Plug-in car grant ends: The government reported the plug-in car grant scheme for electric vehicles (EVs) closed last week, after previously verifying funding until 2022-23. Why is this? The government reported it would allow it to concentrate funding for what it called the main barriers to the EV transition, along with public charging and supporting the purchase of other vehicles. The £300mn available in plug-in grant funding will now be refocused in the direction of extending plug-in grants for vans, trucks, taxis, motorcycles, & wheelchair accessible vehicles.

As long as there are worries that the grant cut will undermine consumer confidence during a time of soaring costs and inflation, government indicated that new car EV sales have surpassed the Office for Zero Emission Vehicle’s (OZEV) original predictions when the grant was initially rolled out. Still, new BEV van registrations have not met OZEV’s original expectations, with problems involving limited model choice holding back uptake. Just £150mn of grant funding has been supplied for vans to November 2021 compared to £1,360mn for electric cars. With van model decision currently increasing, and demand rising, the government has decided to move support away from the fast-growing electric car market to guarantee funds are available to support e-van purchases, with upfront costs staying a main challenge for many fleets.

The ending of the grant means that the 24 cars that were under its £32,000 threshold will not get the £1,500 grant off the vehicle cost, raising the price for consumers in less than a day. The government has slowly lowered the plug-in car grant value and threshold over time since its beginning in 2011, and was supposed to end the grant completely in the relatively near-term. Still, several have responded critically to the timing of the change with the Society of Motor Manufacturers and Traders (SMMT) saying the decision came “at the worst possible time” and sends the “wrong message to motorists”. Others like the British Vehicle Rental & Leasing Association (BVRLA) thought it was right that the government prioritises its EV subsidies towards vans and charging infrastructure but recommended that OZEV should extend the time frame for cars to be delivered once they were ordered and still obtain the grant past the current 12 months, because of supply issues causing major delivery delays.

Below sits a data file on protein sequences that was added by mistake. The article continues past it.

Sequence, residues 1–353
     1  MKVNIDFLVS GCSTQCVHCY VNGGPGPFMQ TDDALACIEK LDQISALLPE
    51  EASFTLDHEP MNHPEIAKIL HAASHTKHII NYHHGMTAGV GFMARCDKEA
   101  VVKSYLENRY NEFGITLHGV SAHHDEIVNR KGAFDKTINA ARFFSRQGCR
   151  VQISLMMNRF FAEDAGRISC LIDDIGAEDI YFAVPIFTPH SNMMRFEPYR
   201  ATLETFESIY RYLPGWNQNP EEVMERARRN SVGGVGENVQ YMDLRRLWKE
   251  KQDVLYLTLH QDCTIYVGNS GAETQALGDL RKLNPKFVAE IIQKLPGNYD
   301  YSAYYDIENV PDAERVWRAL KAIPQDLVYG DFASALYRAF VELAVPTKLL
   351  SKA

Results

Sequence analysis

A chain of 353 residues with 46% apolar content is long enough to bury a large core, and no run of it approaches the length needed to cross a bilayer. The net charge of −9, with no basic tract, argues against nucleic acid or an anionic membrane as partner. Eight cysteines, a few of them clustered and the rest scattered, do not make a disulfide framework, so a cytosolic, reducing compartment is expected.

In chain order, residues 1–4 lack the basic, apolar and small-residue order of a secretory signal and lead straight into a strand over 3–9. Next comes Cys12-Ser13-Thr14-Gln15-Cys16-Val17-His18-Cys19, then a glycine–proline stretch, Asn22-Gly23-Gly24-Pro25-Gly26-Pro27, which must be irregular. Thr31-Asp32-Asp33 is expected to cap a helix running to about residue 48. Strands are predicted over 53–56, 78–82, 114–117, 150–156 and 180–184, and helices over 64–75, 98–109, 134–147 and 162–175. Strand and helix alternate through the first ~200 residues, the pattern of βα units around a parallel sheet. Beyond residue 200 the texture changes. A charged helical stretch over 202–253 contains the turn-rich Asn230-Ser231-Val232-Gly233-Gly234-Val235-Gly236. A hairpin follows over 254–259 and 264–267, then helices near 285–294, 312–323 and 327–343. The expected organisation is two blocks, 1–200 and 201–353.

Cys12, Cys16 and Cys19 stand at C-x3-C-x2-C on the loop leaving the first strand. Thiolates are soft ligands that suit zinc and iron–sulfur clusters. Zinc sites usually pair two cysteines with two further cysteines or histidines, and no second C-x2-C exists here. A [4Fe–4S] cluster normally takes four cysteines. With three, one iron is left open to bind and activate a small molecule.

Together with offering grants to the vehicle types still requiring support, as well as to groups like disabled drivers, the industry has said that price has become a relatively less important problem for electric cars throughout time, with charging becoming an ever increasing concern. The bulk of EV owners (95% in a current survey from the Department for Transport) presently have access to off-street parking, still there is a actual challenge now in guaranteeing the public infrastructure is capable to support various kinds of drivers and the different  needs of fleets. About 30% of households within England do not have a way to utilise off-street parking, increasing to 60% in cities. This is supposedly higher for fleet drivers who take their vehicle home overnight, and will probably be further reliant on local public charging solutions. To support fleet electrification, access to on-street charging for vans will be important, alongside schemes such as local rapid hub charging.

Plug-in car grant ends

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